Submission is about outcomes, not about input. A wife needs to communicate openly, frequently and honestly with her husband. What he does, how he responds, is his story, but she is to give input. She is not to argue, only to simply state the scriptural principle that she thinks is being violated, and then quickly return to loving him, with no expectations. She is to let her husband know that his behavior is having such and such of an emotional impact upon others in the house, which he may be clueless about. She can say “That statement hurt,” and then quickly return to treating him with respect as if the incident never happened (no brooding, and no letting a root of bitterness develop). She could also say, “We feel abandoned by your _____ [golfing, web surfing, studying, preoccupation with work—whatever it may be]; could we talk about that? You might not be aware of how this is affecting us. Perhaps we could arrange a time when you could connect with us and then you could go back to [whatever he feels he must spend considerable time doing]. We don’t need much, but we do need some.”
The man may have every right to his focused activity, but he needs to know that if his wife and children could count on his relating to them every so often—for example, that he would spend ten minutes connecting with them relationally, hugging them, manifesting interest in their interests, etc., it would represent the heavenly Father (the caring shepherd) to them and as a result, would make the family bond more with him. If he chooses not to, he needs to know that he puts them at risk of looking to find their emotional needs met somewhere else.
If he does not change, then the wife needs to do some cheerful self-management and not sulk and not to feel oppressed. No one makes us unhappy—we allow it. We can be fearless in our own homes and be cheerful in the Lord’s tender companionship all the day. “Perfect love casts out fear.”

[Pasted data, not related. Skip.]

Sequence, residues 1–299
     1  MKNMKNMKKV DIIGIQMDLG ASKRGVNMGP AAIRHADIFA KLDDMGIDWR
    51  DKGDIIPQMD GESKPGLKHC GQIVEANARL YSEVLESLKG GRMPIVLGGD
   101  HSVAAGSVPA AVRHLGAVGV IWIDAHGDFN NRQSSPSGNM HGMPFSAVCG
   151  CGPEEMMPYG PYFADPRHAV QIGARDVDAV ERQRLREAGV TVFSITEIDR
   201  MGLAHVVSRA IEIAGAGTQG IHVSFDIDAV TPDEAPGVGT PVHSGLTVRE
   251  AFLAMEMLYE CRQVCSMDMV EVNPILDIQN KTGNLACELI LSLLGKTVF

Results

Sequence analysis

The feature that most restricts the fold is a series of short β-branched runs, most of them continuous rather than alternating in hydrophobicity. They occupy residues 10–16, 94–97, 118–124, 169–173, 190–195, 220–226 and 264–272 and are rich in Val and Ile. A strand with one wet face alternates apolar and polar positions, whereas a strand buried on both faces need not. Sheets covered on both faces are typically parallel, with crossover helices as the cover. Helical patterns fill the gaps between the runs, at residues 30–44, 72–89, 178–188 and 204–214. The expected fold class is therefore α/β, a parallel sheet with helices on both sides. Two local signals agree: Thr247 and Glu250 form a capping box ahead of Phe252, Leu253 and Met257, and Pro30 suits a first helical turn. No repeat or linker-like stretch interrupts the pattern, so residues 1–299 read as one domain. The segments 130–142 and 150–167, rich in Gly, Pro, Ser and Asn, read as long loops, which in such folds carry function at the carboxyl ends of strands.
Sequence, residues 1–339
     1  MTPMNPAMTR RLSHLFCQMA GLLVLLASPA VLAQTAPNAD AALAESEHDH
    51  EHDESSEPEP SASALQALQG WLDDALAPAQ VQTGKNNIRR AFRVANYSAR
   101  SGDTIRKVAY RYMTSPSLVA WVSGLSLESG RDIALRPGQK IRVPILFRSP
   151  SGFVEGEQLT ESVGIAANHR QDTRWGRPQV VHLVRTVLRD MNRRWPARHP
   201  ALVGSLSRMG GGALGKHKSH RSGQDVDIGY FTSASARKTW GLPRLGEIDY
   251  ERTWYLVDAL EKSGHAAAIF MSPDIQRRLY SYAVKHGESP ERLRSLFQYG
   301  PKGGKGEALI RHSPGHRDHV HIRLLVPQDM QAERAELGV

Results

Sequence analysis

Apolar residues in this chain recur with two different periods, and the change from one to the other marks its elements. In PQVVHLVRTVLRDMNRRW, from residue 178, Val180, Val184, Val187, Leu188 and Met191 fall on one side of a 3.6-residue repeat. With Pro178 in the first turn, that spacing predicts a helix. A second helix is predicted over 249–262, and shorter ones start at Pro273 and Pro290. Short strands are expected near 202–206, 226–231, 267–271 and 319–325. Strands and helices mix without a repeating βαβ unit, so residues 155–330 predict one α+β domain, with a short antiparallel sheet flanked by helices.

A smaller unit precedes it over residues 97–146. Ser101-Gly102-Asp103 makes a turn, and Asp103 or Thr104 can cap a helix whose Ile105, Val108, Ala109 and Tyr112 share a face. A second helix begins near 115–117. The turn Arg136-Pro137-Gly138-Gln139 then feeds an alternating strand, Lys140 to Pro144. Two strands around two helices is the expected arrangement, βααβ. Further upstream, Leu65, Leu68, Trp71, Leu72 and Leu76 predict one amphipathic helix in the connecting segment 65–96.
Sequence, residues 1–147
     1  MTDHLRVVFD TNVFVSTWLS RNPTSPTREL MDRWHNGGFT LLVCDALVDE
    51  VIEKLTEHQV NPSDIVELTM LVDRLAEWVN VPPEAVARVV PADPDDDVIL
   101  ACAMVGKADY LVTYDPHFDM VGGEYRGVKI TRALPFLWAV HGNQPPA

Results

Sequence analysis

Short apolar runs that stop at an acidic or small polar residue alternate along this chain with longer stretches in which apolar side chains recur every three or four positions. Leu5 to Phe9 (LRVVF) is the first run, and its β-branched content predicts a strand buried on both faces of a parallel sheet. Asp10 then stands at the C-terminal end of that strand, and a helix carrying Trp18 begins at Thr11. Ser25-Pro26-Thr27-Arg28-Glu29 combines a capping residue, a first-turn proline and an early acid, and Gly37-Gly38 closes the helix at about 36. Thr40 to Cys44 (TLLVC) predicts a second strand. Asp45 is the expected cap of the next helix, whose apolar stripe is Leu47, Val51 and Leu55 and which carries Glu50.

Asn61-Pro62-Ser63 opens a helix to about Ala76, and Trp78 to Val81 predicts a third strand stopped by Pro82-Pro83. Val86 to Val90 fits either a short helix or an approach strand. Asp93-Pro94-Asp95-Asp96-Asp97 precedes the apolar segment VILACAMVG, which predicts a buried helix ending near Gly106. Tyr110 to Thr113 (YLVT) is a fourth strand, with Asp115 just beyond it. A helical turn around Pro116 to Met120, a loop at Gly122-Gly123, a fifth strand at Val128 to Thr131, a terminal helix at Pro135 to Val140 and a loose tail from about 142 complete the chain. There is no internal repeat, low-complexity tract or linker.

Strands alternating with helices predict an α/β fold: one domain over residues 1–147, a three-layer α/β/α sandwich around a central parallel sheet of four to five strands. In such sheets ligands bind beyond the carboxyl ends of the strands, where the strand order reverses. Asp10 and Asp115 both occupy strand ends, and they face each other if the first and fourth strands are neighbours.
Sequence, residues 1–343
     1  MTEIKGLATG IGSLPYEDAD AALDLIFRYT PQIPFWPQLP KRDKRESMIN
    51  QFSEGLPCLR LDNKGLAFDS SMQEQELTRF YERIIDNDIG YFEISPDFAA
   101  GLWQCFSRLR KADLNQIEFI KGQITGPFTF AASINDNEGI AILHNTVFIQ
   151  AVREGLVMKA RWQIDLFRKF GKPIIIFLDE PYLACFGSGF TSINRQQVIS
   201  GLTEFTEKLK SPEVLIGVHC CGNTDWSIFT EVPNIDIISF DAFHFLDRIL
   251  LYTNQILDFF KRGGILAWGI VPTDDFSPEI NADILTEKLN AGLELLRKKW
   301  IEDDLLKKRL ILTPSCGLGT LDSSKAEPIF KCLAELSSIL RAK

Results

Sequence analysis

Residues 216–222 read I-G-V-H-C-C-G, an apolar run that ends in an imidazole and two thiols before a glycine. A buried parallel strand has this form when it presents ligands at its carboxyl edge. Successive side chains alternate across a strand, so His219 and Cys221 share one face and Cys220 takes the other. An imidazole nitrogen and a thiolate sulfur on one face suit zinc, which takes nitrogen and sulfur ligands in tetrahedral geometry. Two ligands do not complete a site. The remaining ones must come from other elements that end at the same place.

A godly wife can live with even an “impossible” husband, by making positive spiritual choices. She can carry inner thoughts like “I’m divinely picked to represent the Father’s steady love to him.” Or, “There are reasons he acts like this, perhaps stemming from his early background and training. I will lovingly and steadily pray for his healing. I will model the Lord’s nature to him.” No doubt, this is a big job for the wife, but it is one that will bring about her own sanctification, changing her complaining about him into working hard on herself. Or she can think an uplifting thought like: “This is an exciting challenge that the saints of old have also encountered with other ‘impossible’ people and have found victory. They learned to deepen their relationship with the Lord via the struggle. I shall choose to do likewise!”
Andrew Murray (1828-1917) wrote (On Prayer), “Holy love bears with the most disagreeable for Jesus’ sake…the most trying and unlovable.” And, “It is possible to see the will of Him in everything and to receive it not with sighing but with singing.”
For more on this topic, read our short eBook of 7 Womanly Secrets to Marital Harmony, and How To Resolve Marital Conflicts Happily, and/or order the full book of Wise Womanly Ways to Grow Your Marriage (it includes the content of the first eBook but not of the second).